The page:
Health workers should not risk attacks caring for those in war zones | The Hill
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In early February, an American paramedic from Bordentown, N.J., was caring for a wounded civilian in the eastern Ukrainian city of Bakhmut when he was hit by a missile and killed. The medic, a former Marine named Pete Reed, was in Ukraine as part of a humanitarian mission. He had been traveling in a convoy clearly marked with a red cross.
We don’t know whether Reed was intentionally targeted or whether it was yet another indiscriminate attack; both are war crimes. But the paramedic’s death was only one of hundreds of recent attacks on health workers, facilities and transport in Ukraine.
In 2022, the World Health Organization and nongovernmental organizations have recorded more than 700 such attacks. These include missile attacks that hit hospitals and clinics, as well as attacks targeting individual health workers and patients, the theft and destruction of health equipment, and occupation of health facilities by military forces.
Collecting data on such incidents in wartime is not easy, and past efforts among groups doing such work have sometimes found little overlap in recorded incidents — suggesting that the number of attacks documented by any one group may significantly underestimate the overall incidence of attacks.
The attacks on health care workers and facilities in Ukraine are not limited to battle zones. The eastern and southern regions of the country have been targeted the most but health workers have been killed and health facilities destroyed throughout the country, including in Kyiv and in Lviv in the west. In other parts of the country, Russian shelling has interrupted power and water, disrupting operations and targeting civilian infrastructure.
The phenomenon of health workers coming under attack is not limited to Ukraine or to countries at war. Data from the Safeguarding Health in Conflict Coalition found that attacks in Ukraine were just over a third of all attacks on health care in conflicts around the world in 2022, which numbered almost 1,900.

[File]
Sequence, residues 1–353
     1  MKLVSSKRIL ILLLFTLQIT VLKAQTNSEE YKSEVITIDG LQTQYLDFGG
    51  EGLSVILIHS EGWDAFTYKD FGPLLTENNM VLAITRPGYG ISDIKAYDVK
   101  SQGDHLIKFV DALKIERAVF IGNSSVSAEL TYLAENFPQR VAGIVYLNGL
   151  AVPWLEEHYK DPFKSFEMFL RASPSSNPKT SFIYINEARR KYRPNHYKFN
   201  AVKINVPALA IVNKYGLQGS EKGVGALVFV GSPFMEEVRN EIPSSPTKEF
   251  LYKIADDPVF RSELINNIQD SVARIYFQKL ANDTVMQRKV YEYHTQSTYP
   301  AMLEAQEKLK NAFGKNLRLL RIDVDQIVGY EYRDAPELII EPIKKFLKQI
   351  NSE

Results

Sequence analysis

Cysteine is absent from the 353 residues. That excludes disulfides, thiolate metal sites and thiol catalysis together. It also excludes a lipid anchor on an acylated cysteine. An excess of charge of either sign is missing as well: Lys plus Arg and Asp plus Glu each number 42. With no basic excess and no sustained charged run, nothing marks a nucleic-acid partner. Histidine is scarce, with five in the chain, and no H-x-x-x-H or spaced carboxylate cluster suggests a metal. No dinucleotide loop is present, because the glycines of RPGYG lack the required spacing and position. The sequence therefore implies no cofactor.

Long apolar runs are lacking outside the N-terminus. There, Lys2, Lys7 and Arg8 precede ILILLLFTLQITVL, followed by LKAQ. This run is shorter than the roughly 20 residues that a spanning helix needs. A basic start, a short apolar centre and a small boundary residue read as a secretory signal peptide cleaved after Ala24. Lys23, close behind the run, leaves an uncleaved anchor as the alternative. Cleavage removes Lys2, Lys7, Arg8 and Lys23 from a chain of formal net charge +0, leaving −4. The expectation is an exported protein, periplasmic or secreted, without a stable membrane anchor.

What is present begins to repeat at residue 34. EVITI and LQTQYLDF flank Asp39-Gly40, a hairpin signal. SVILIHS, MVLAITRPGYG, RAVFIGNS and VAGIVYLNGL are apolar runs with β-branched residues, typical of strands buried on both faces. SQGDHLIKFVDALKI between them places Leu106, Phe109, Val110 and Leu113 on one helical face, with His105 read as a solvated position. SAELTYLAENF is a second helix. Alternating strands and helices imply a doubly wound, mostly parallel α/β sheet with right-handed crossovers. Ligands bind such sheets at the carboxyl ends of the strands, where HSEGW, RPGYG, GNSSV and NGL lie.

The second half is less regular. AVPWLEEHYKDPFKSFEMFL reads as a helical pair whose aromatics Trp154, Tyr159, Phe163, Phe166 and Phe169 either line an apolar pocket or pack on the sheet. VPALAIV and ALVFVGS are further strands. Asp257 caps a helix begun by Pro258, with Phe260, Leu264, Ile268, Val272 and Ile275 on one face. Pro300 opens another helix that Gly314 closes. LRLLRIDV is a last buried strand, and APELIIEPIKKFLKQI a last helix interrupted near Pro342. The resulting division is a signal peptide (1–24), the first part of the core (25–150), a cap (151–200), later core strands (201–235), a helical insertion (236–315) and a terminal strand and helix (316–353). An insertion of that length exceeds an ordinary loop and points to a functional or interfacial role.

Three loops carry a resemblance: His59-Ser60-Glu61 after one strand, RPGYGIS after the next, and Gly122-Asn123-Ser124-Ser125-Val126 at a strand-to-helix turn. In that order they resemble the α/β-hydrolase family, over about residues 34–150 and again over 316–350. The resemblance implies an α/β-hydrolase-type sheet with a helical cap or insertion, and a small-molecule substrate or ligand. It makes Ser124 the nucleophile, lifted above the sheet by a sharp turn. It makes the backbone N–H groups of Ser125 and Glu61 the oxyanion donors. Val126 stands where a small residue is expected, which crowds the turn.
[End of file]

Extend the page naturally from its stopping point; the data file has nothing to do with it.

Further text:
The assaults continue. In late January, for example, in Myanmar, media sources reported on attacks by the Myanmar military, junta and armed groups who seized ambulances and set them on fire. Government officials reportedly interrogated medical staff at hospitals and clinics about their participation in protest activities; stole hospital equipment and medicines; arrested volunteer aid workers providing medical care; and set on fire two pharmacies.
The global toll of these attacks has been recorded by the Safeguarding Health in Conflict Coalition and its partners since 2014. As a member of that coalition, verifying accounts of indiscriminate and targeted attacks on health workers striving to provide care in times of armed conflict and pandemic conflict is numbing. But we can’t look away.
Pete Reed surely knew the risks he faced in volunteering as a medic in Ukraine. Those risks, however, should not include being attacked for providing care to wounded or sick people. His death reflects choices made by combatants to violate international law that prohibits such attacks. Militaries and other combatants worldwide repeatedly breach a simple and straightforward rule: Medics and other humanitarian workers must be protected. Hospitals and clinics should not be targets of artillery, ransacked or looted. People in need of medical care should not be prevented from accessing that care.
These principles are globally agreed upon and enshrined in formal terms in numerous resolutions and treaties. However, their enforcement is often nonexistent. The U.S. government can act — at the United Nations, in war crimes tribunals to come, and in joint military operations with our allies — to reinforce these principles and push for greater accountability. Reed’s death and that of hundreds of other health workers each year, are owed that effort. The effects of war will still be felt by millions in conflicts around the globe, but ensuring protection for health workers and the people they serve would represent an enormous step forward and a lasting legacy of those tragically killed in conflicts.
Joe Amon (@joeamon) is the director of global health at Drexel University’s Dornsife School of Public Health and the former Human Rights Watch health program director.
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